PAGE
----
Authors: Patricia Malone
“My family had holdings north of River Dee, near Dun Struan's territory. My brother, Marrec, was younger than I.” He looks down at the table and we wait. When he continues, his voice is sadder than I've ever heard it. “He was
handsome and the joy of my parents' lives; I'm sure they had feared that he too might be a dwarf, but we all rejoiced when we saw that he was growing normally. He was betrothed to Faolan's sister, the dower heiress of Dun Struan, when both of them were young.
“My parents sent me to Gorre to study with Dubric, the head Druid of Britain. Though I could not be a Druid, my father was sure that knowledge would help me compensate for my size. Since there was no female heir in our family and my brother would be a chief of Dun Struan, I would rule our small fortress.
“I came home early the spring that they were married and celebrated with all of our people and with those of Dun Struan. Faolan was young, but already a warrior; he seemed courteous enough, and his parents, like mine, were happy with the union. I returned to Gorre in the fall and had no news of things at home all winter.” He stops talking and turns to stare into the fire.
“This is painful for you,” Belert says. “Go on to bed; I can tell Ilena the rest.”
“I need to remember it,” Spusscio says. He turns back to face us and continues. “When I came into our territory in early summer, I stopped to greet one of our farm families. They told me what had happened.” He stops, and we wait in silence till he begins again. “Faolan's father had died of an illness in the winter. According to our customs, Marrec, as
husband of the dower heiress, became a chief at that time; he would assist his mother-in-law in ruling Dun Struan.
“In the spring Andrina, Faolan's cousin from Dun Lachan, had come for a visit. One day the three of them, Marrec, Faolan, and Andrina, rode out to hunt. When they returned, Marrec was dead—of a fall from his horse, they said.
“And soon after, a band of warriors attacked my home; my parents were killed along with everyone in the fortress, the livestock driven off, and the buildings put to the torch. The farmer told me that Faolan came to him a few days later and ordered him to muster and pay tribute at Dun Struan from then on.
“I went to the place where our fortress had stood and saw the ruins exactly as the farmer had described. With no home, no war band, and no hope of avenging my family, I wandered all summer, sheltering with friends for a night or camping in the forest.”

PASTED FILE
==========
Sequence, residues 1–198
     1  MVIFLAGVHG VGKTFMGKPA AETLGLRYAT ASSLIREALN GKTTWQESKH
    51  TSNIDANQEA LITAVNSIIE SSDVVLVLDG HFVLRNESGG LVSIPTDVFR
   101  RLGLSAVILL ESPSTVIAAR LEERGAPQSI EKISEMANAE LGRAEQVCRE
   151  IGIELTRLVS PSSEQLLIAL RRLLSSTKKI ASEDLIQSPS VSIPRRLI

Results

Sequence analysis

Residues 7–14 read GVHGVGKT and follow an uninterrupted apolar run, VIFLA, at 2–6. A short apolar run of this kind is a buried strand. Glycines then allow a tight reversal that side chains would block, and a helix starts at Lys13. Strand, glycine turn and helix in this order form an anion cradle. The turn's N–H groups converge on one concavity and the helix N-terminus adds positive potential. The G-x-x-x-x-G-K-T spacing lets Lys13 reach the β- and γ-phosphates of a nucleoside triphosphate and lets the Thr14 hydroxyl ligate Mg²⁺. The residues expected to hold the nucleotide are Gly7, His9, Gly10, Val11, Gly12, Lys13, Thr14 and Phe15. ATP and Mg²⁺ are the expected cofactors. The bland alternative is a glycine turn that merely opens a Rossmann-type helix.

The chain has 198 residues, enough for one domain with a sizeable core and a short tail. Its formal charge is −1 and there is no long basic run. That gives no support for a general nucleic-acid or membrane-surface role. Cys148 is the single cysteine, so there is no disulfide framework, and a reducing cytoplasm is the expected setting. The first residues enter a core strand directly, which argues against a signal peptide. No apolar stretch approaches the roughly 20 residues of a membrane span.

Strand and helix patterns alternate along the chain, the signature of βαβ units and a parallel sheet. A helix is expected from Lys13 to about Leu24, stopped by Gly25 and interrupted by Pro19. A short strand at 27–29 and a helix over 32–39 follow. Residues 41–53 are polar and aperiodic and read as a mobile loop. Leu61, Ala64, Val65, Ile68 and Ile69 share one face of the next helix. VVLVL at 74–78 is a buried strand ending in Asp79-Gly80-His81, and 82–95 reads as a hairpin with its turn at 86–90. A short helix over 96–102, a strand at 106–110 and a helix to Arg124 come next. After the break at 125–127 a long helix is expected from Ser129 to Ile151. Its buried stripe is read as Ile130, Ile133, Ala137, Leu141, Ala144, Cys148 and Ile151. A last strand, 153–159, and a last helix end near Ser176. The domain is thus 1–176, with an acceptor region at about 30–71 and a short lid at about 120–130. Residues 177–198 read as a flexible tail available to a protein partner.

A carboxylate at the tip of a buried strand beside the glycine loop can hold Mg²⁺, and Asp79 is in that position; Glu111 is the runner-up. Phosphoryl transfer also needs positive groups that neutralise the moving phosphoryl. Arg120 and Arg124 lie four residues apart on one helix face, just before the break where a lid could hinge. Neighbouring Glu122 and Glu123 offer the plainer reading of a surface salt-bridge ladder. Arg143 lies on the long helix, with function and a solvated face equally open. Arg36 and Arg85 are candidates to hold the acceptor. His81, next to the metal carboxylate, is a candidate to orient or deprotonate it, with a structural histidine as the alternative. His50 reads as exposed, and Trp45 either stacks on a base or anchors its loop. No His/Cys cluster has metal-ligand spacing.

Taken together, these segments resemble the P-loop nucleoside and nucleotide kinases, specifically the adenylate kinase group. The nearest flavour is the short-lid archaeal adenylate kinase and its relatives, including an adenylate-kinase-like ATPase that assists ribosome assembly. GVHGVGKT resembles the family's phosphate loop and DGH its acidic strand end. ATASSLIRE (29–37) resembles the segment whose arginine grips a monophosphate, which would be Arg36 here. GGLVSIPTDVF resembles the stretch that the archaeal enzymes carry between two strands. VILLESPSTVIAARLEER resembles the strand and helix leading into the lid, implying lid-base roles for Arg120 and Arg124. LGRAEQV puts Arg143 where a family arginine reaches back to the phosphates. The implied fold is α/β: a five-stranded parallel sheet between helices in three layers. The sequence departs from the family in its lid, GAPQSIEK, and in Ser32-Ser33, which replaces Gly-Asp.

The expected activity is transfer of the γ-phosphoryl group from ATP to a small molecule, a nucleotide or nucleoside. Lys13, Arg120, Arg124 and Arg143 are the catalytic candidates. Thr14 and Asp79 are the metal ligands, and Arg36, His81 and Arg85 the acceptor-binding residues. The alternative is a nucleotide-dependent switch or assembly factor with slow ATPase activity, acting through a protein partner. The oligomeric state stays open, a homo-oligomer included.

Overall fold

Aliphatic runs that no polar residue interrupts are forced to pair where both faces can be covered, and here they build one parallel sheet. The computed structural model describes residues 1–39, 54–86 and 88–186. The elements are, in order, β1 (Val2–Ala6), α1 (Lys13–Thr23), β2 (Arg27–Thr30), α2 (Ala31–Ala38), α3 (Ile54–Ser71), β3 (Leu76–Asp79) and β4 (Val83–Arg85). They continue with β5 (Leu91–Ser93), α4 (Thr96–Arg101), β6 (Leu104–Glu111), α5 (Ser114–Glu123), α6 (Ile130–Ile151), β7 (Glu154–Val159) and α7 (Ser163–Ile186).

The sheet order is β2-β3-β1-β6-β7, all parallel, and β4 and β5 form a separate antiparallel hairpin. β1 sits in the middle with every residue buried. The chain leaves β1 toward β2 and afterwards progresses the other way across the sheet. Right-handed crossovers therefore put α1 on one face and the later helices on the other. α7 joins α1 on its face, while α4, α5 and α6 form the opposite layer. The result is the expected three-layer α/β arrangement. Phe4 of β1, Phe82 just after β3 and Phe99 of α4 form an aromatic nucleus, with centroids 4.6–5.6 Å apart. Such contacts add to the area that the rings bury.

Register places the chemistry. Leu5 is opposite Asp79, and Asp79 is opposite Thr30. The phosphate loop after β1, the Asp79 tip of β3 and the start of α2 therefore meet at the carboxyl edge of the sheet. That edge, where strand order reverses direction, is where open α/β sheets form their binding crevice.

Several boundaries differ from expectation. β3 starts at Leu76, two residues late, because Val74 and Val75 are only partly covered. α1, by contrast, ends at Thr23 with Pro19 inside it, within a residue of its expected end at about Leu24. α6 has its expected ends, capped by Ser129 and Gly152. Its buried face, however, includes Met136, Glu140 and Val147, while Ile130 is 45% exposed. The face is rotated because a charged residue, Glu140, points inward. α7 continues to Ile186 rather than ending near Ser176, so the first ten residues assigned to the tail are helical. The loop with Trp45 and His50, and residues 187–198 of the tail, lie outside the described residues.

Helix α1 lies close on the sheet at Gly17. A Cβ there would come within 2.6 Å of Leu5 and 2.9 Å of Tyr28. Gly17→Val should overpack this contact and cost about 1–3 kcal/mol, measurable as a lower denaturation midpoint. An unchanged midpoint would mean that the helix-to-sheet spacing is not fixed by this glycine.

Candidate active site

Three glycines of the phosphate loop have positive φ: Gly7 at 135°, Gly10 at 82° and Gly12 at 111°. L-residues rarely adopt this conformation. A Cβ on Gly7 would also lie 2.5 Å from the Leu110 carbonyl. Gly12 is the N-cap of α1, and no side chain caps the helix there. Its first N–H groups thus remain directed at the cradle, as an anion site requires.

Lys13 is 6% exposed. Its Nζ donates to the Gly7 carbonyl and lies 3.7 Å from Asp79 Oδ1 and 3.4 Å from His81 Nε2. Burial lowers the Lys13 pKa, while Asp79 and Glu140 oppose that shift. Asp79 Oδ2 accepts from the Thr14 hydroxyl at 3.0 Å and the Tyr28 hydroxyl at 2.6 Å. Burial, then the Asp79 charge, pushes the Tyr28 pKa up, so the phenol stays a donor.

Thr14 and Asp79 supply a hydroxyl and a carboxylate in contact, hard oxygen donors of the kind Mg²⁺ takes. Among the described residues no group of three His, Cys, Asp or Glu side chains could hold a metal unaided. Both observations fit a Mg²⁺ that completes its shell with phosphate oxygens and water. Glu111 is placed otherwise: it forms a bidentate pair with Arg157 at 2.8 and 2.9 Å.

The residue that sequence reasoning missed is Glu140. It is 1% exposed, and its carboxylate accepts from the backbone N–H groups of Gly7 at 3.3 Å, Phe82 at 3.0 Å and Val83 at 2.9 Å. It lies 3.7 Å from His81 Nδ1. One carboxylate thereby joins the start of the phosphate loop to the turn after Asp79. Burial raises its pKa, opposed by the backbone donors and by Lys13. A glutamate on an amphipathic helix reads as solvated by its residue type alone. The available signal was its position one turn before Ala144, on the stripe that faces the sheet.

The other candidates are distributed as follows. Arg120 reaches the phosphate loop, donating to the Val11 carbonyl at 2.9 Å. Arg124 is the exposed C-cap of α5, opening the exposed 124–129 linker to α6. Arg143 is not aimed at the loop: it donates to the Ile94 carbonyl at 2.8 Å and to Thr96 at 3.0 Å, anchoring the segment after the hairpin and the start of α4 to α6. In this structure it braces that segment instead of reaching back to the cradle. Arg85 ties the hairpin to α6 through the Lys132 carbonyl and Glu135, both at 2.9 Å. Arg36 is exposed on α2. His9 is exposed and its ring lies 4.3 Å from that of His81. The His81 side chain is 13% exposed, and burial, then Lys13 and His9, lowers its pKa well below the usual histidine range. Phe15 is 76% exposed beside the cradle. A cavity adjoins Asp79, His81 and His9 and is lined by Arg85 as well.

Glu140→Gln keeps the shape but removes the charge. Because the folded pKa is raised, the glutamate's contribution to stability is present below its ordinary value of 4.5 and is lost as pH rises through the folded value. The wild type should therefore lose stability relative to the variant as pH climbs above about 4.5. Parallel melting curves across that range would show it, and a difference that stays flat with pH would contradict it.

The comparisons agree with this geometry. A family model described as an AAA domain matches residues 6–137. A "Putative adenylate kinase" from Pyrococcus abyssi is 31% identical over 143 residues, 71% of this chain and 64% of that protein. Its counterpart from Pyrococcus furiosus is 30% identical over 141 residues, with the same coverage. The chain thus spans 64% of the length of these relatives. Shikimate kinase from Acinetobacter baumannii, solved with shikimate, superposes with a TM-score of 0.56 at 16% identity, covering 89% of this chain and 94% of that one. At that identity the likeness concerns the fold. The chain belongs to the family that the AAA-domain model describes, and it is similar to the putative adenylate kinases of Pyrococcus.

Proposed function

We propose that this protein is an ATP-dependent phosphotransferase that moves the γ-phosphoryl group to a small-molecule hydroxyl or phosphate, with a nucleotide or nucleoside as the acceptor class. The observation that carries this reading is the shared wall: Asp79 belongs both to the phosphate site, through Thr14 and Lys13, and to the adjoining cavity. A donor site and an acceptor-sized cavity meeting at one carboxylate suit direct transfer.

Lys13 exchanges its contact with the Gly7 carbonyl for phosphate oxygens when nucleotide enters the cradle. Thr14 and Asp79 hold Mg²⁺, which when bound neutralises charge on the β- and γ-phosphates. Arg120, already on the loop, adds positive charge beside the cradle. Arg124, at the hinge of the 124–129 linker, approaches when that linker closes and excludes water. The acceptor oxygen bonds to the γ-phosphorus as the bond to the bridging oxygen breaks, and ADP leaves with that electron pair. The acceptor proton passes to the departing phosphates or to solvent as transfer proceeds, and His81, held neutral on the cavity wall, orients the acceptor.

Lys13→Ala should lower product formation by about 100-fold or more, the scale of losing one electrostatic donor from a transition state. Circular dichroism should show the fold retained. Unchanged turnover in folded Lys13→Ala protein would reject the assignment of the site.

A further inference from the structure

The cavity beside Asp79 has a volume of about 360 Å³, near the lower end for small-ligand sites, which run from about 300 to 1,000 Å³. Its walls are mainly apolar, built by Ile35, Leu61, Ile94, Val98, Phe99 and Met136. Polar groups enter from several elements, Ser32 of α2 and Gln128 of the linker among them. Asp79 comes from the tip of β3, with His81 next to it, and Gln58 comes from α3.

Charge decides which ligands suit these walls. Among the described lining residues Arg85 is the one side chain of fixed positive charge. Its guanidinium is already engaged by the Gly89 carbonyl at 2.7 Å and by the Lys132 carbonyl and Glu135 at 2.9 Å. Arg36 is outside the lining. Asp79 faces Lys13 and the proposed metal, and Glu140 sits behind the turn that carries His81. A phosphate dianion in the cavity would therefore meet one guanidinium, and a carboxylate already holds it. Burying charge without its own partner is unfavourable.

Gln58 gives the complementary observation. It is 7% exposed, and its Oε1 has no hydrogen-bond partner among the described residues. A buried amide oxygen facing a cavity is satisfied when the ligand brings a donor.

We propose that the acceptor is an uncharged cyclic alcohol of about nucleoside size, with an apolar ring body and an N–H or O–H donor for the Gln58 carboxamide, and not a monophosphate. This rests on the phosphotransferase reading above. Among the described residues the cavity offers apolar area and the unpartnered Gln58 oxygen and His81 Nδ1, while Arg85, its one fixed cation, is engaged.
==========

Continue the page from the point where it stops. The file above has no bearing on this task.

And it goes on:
“And then, thank the gods, you came here,” Belert says.
“Aye,” Spusscio says. “And found a home.”
I've heard stories of raids on fortresses and of families wiped out, but I cannot think of anything to say to Spusscio. I reach across the table and cover his hand with mine. No wonder he hates Faolan.
I remember the way Faolan looked at me and shiver. I'll be glad when he is gone.
When I enter Belert's chamber for our midmorning meeting, my father stands at the window with his hands behind his back; sunlight glances off his head, highlighting the gray in his hair.
Gillis arrives next. It is necessary for our Druid to be present when something as important as a betrothal is discussed. He alone knows all the laws, and he will be witness to whatever is said. “Greetings and God's blessing to you both,” he says.
“And to you,” I reply.
Belert turns away from the window and joins us at the table.
We hear footsteps, and I stand to greet Faolan.
He does not wear the wolfskin cloak today, and he has exchanged the gold pendant for an elaborately enameled piece. He nods to Belert and Gillis and takes a seat beside me on the bench.
Gillis begins, as is proper in important meetings, with a recitation of our family members. As I listen to the names and the relationships, I remember Moren telling me stories of these people—preparing me, though I didn't realize it at the time, for my role as chief of Dun Alyn. Gillis works his way back to Faolan's and my great-great grandparents, Sionnha and Ruarc, before he stops to summarize.
“The two of you are members of an ancient family that existed here before the Romans came. Your mothers and grandmothers and their mothers and grandmothers for nine generations and more have been chiefs of these lands. Your fathers, grandfathers, and the fathers of your grandfathers for nine generations have been heroes, brave fighters, and champions in the halls where they have feasted.
“A union between you would bring together two branches of an honorable old family and would make a formidable alliance here on the eastern seacoast.” He pauses and looks at me.
I keep my face still so that no emotion shows. I understand now how important it is for such delicate matters as a betrothal request or, especially, a betrothal refusal to be handled with dignity and attention to the honor of the families involved.